Three east London clinical commissioning groups have been given legal directions by NHS England over finance and governance issues.
Barking and Dagenham CCG was ordered last week to undertake a governance review and “ensure that it operates within its annual budget for 2016-17 and subsequent years”. The CCG shares a management team with Havering and Redbridge CCGs.
Any new appointments to its executive team or the next tier of management must be signed off by NHS England.
The CCG must also abide by any decision made by NHS England about the appointment of new staff.
In a board paper submitted to a meeting of the governing body this week, chief officer Conor Burke said: “The CCGs [Barking and Dagenham, Havering, and Redbridge] have made good progress in recent weeks in developing the discussions on BHR’s financial challenges at an STP level.
“We have secured local agreement that the BHR CCGs can plan a £10.2m deficit for 2017-18 with the remaining CCGs in the STP balancing this off to the STP control total at aggregate level.
“This reduces the 2017-18 ask to a still very challenging £45m QIPP for the coming year.”
It was not clear at the time of publication whether the three CCGs were still planning a £10.2m deficit for 2017-18.
Barking and Dagenham is predicting a £10.7m deficit for 2016-17.
Barking and Dagenham CCG chair Waseem Mohi said in a report to the governing body: “We have been focussing our efforts on addressing the significant financial gap that we face for 2017-18 through developing a wide range of clinically owned project proposals. Some of these proposals include further developing some of the pathway work we began through the RTT recovery programme – moving treatment closer to patients and in lower cost settings.
“However, some of the proposals involve very difficult choices, including restricting some services and prescribed products to patients. These are not decisions that we take lightly as GPs and we will be engaging our GP members, patients and the public, and our partner colleagues to seek their views.”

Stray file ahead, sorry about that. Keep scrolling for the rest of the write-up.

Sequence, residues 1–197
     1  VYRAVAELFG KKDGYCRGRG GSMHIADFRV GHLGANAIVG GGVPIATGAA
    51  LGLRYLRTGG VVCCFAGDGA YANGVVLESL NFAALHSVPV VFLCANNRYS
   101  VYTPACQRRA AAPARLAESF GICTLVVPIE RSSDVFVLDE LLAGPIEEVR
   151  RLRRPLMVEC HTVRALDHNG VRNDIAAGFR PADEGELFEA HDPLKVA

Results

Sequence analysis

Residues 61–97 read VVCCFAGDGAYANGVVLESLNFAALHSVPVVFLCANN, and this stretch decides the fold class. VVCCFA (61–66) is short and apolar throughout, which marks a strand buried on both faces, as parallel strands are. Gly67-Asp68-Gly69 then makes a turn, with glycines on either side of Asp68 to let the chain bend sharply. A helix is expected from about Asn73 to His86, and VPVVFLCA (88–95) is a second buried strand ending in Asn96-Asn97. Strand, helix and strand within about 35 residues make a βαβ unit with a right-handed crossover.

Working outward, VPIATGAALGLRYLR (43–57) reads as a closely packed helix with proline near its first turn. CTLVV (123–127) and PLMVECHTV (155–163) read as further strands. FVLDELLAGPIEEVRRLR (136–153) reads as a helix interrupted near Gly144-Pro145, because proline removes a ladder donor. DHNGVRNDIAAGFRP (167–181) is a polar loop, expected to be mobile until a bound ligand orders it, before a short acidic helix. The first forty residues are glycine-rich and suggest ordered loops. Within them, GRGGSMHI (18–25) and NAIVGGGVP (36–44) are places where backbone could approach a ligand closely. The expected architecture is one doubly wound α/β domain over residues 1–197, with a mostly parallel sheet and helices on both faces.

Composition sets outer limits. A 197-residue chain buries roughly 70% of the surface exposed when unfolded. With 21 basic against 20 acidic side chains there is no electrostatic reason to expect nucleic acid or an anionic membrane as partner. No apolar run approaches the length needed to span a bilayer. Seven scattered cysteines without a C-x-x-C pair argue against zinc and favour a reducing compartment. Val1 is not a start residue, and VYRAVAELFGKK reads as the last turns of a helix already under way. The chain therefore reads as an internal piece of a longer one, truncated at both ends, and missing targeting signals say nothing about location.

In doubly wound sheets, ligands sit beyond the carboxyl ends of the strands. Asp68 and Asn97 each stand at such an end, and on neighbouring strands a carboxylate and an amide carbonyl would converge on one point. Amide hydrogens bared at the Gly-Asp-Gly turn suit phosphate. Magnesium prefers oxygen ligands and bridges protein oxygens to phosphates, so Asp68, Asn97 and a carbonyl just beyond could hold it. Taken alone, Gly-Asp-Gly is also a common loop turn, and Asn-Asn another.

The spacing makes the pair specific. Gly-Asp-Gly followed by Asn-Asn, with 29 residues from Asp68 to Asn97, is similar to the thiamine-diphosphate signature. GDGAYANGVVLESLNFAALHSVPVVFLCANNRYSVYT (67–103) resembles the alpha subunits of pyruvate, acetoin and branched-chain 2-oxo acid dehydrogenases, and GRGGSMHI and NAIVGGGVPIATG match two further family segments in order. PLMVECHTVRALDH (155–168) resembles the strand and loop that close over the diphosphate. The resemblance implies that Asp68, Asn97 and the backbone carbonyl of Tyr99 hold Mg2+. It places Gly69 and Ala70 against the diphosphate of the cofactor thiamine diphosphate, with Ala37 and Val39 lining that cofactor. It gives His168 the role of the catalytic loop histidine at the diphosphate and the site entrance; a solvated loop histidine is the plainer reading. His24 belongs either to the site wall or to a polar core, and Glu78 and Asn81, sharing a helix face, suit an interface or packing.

However, NHS England have removed the legal directions from Havering CCG relating to its procurement of elective services at the North East London Treatment Centre.
A spokeswoman for NHS England London said: “In light of financial performance challenges faced by Barking and Dagenham, Havering and Redbridge CCGs, we have decided that the best approach at this time is to support them through the formal powers of direction.
“These directions will allow us to temporarily guide the CCG to bring about the financial balance needed.
“NHS England believes the use of powers of direction can enable the focus, direction and support required to secure the improvements required. This was demonstrated by the earlier directions on Havering CCG in relation to their commissioning of RTT which were lifted yesterday. We are confident this step will help to ensure local patients continue to receive high quality standards of care and while also supporting the CCGs to deliver financial balance.”
A spokesman for Barking and Dagenham CCG said: “We have already taken steps to further strengthen our planning, governance and delivery arrangements and the directions will allow us to draw on additional support from regulators to further develop and implement our financial savings plan in conjunction with local partners.
“We know that securing savings of nearly 6 per cent of our budget presents us with our most challenging year yet. We want to the secure the greatest health impact possible with our resources by adhering as closely as possible to the clinical evidence base. This will ensure, not only the best possible outcomes for our population and patients, but also that we achieve the best value for money from the services we commission.
“We remain committed to doing all we can to secure financial balance while maintaining high quality standards of care for local people.”
CCG board papers and statements